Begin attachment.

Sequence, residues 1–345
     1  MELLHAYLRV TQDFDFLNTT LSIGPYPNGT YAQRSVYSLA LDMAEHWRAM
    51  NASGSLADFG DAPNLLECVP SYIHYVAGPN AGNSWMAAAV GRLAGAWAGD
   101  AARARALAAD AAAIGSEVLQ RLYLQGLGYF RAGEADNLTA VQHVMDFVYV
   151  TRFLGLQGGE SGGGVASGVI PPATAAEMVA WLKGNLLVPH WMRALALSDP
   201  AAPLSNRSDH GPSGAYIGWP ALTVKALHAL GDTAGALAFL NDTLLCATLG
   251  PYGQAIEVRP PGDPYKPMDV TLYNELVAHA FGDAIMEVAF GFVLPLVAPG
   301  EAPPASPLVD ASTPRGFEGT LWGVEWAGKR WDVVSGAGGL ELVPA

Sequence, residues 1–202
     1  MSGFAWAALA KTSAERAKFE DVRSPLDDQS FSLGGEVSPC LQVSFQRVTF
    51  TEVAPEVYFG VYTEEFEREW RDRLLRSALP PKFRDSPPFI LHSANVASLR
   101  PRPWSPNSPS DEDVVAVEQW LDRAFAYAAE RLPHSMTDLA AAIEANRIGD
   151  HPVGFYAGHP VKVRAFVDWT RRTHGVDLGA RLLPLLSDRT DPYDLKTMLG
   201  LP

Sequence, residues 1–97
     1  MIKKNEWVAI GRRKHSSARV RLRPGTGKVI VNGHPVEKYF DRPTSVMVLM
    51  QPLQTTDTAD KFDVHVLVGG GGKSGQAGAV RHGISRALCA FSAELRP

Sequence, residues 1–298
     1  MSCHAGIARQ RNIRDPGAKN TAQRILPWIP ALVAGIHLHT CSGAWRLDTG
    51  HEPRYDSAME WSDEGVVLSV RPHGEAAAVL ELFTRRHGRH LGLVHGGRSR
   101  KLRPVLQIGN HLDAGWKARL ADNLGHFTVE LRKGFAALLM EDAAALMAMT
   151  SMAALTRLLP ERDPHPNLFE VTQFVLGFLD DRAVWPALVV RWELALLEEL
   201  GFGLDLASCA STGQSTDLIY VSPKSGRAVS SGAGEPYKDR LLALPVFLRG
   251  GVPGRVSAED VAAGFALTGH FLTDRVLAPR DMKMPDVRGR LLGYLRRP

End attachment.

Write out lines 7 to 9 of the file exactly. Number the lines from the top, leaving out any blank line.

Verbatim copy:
   251  PYGQAIEVRP PGDPYKPMDV TLYNELVAHA FGDAIMEVAF GFVLPLVAPG
   301  EAPPASPLVD ASTPRGFEGT LWGVEWAGKR WDVVSGAGGL ELVPA

Sequence, residues 1–202